Season (Adult / Immature):
National Status: Local
Local Status: Rare and local resident.
Local Record: Grade 3 See here for explanation
Flight time: One generation, Jun-Aug.
Foodplant: Sycamore, Field Maple, maples, Horse-chestnut.
|Year first recorded||1996||1930||1961||2011|
|Year last recorded||2014||1999||2014||2013|
|Number of records||127||6||103||2|
|Number of individuals||139||3||115||2|
For the county, we have a total of 238 records from 65 sites. First recorded in 1930.
Sutton & Beaumont, 1989: This species has never been included in the official County list. Records do exist, but because this species is so easily misidentified we do not feel able to accept these records. No specimens or photographs have been traced. Unless confirmation can be found this species cannot be added to the Yorkshire list.
VC61. Bridlington, 29.7.1996 (KAB); Spurn, 29.6.1999, three 27.6-1.7.2000 (BRS); Kilnsea, 2.7.1999, 30.7.2000 (DPB). NEW VICE-COUNTY RECORD.
VC62. Levisham, 3.7.1992; Strensall, 12.7.1992 (GBS) (Jackson, 1993d). NEW COUNTY RECORD.
Argus 63, 2011:
VC64. Settle, 15.7.2011 (RW). NEW VICE-COUNTY RECORD.
2012 (CHF): This species was first found in London in the late 19th century but was rare until the 1950s. There are unconfirmed records in Yorkshire in the 1960s but the first confirmed record was from Levisham in 1992. This was followed by more records in VC62 and the east of VC61 but records died out at many of the old sites and a new wave of colonisation started in the Spurn area in 1999 and in the south of VC63 in 2006. The population has grown and is now expanding steadily north-west. This is mirrored on the national distribution map which shows a line of advance roughly from the Humber to the Severn. A record from Settle in 2011 was well ahead of this line and rather unexpected. This moth now looks likely to turn up in any part of the county. Take care not to confuse it with the rather similar Poplar Grey. Look out for the spectacular larva which feeds on various broadleaved trees and not just sycamore.
2020 (CHF): It is not obvious how long Sycamore has been found in the county. There are one or two old records in the 1960s but they are thought to be unreliable. Some of the dates are rather vague – for example I have one record dated “1930-81” from the Malton area. None of these records are acceptable as it is an easy moth to misidentify – the confusion species being Poplar Grey - and there are no specimens or photos. It is a recent colonist to the UK and was first found in London in the late 19th century but was apparently rare until the 1950s when it started to move north and west. The first records that we can be sure about were in 1992 at Levisham and Strensall Common, followed by more records in VC62 and the east of VC61. As often happens these early pioneers disappeared; there were no more from VC62 and a fresh invasion started in the Spurn area in 1999. This was followed by colonisation of the south of VC63 in 2006. Numbers built up steadily until 2013 since when they have fluctuated quite a lot – presumably its parasitoids caught up with it. The range has been slowly expanding. One in Settle in 2011 was a wandering moth way out of area, but the core population has consolidated, particularly in VC63, and is doing well. In 2020 there was evidence of a range expansion north-west with several new sites on the periphery of its range including a jump to near Skipton and to my garden in the south-east of VC65. So when interpreting the map, the north-eastern records in VC62 and the north of VC61 are the first wave of invasion in the 1990s, and the record in the west of VC64 is the early Settle wanderer. So ignoring these gives us a nice line of advance heading north west.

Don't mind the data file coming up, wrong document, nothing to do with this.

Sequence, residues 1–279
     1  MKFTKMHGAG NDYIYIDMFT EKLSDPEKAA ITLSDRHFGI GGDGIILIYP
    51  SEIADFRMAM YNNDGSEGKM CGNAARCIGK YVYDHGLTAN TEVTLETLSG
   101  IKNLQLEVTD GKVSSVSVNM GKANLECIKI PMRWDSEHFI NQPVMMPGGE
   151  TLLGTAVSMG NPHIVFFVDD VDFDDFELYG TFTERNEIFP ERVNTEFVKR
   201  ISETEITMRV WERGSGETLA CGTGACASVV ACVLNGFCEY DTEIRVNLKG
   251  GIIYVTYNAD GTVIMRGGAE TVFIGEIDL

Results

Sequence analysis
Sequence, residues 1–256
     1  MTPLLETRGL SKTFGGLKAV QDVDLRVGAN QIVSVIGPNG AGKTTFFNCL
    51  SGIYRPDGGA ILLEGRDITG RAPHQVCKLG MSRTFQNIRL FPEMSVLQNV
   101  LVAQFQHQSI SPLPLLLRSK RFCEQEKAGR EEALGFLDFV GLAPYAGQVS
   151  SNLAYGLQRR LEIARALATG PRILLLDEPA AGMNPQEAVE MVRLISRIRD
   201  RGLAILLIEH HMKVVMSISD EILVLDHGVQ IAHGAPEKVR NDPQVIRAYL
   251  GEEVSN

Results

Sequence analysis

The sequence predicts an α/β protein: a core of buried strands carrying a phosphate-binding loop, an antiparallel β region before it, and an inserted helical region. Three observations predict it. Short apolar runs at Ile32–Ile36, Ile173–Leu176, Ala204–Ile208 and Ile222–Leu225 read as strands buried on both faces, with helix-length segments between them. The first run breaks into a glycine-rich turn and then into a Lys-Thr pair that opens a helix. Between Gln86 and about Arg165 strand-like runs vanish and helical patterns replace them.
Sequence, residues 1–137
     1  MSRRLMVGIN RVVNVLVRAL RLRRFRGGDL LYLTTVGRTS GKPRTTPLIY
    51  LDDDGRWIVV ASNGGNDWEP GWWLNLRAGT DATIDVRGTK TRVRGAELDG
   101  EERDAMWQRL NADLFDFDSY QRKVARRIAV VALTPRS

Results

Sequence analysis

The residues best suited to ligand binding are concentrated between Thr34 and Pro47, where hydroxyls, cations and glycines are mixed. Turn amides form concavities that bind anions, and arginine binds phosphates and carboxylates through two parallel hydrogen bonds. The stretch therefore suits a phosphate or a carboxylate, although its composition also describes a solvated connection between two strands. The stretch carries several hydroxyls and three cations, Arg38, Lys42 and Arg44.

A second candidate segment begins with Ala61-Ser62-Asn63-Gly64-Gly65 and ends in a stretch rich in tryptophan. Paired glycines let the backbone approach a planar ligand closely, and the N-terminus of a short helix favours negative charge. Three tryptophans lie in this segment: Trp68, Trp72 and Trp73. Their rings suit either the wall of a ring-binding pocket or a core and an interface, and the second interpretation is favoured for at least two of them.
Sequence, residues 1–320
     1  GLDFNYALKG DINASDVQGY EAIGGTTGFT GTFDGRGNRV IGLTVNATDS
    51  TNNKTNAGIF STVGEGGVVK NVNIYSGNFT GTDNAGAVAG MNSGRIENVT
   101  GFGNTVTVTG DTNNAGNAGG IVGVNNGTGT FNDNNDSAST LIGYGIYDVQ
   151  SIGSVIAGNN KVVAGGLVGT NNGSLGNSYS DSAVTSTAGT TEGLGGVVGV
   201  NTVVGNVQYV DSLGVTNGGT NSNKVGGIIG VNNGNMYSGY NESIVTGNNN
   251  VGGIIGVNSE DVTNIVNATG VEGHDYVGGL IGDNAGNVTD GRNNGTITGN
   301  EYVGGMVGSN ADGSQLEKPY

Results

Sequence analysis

It seems that it can now be found almost anywhere in the centre, south and east of the county and it will be interesting to see whether its rather stop/start progress will continue. In 2020 we received 51 records of 52 moths from 32 sites, so all except one were of single moths. The maximum ever caught in one trapping session is four which makes me wonder if it more common than we think and just isn’t strongly attracted to light. Most of our records are from gardens and the main garden food plant is often horse chestnut rather than the usual sycamore or field maple. We commonly get records of the rather spectacular larva - 14 records on the database including two this year.